• I'm currently running my pfsense on a Dell PE 1850 (quad 2.8 Ghz, 2GB memory, 10K scsi drive, etc).  I'd prefer to run pfsense on more of an appliance (personal preference, I'm odd :D).  Will I see a large performance degradation by going to something like a Firebox X700?  If I stick with my current setup, I'll throw another nic in so I can take advantage of my dual network drops and have an Active/Standby setup.  Can I do that with the Firebox?  My biggest hesitation with changing out is the server is cake to upgrade and make it overkill for a firewall, the firebox is a lot more limited…


  • depends on what you're doing and how much traffic you're pushing. Something like a 1850 is hard to beat for a datacenter type setup, and I wouldn't replace it with a Firebox in such circumstances (its crap NICs are too flaky for me to trust one of those for anything remotely serious). If it's something you're running at home, that 1850 is sucking a lot of power, generating a lot of heat, and has far, far more power than you need. Finding an Atom platform or something along those lines with low power consumption could well pay for itself in power savings alone over 2-4 years.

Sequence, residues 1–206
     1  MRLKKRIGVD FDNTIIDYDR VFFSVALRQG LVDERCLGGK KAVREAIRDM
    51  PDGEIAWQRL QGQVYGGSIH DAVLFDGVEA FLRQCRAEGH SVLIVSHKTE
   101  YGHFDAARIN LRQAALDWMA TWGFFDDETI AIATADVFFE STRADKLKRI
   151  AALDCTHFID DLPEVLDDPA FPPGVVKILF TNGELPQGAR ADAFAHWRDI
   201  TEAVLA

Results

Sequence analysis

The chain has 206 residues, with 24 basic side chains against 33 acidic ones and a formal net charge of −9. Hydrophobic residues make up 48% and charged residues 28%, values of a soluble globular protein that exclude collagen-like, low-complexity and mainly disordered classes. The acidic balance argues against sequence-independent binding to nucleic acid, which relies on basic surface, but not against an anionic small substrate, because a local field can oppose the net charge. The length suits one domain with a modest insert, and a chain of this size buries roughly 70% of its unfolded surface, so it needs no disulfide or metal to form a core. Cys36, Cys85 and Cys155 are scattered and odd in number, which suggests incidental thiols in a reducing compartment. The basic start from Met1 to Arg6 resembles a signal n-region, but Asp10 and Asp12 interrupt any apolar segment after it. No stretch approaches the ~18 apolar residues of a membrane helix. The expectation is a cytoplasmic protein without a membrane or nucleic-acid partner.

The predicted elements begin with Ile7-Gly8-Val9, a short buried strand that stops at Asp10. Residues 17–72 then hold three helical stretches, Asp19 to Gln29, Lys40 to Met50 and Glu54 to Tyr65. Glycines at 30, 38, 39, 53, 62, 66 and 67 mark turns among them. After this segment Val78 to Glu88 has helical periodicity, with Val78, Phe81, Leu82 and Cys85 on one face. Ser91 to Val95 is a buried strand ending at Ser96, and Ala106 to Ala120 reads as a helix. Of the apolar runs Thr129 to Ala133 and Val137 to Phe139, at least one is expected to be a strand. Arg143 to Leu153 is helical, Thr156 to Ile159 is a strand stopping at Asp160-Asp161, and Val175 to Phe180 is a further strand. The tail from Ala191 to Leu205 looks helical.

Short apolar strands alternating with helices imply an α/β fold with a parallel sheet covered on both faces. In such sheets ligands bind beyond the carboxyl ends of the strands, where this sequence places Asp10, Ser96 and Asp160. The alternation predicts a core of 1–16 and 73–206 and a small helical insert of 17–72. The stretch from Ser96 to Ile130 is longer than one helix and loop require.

• Thanks, it is in a data center, so yeah power is not a huge concern.  That's good to know about the fireboxes and the flakiness.  I'll stick with the 1850 route then.

  • Netgate Administrator

    If you want to use a firebox use either the X-Peak, which has all Intel NICs, or the X-e box, Marvell Gigabit NICs. Both are far more powerful than the X700, both are way less powerful than a PE1850.
    There are plenty of people using the X700 (or equivalent models) without issue but the Realtek NICs in them are flaky:

    The RealTek 8139 PCI NIC redefines the meaning of 'low end.' This is
    probably the worst PCI ethernet controller ever made, with the possible
    exception of the FEAST chip made by SMC.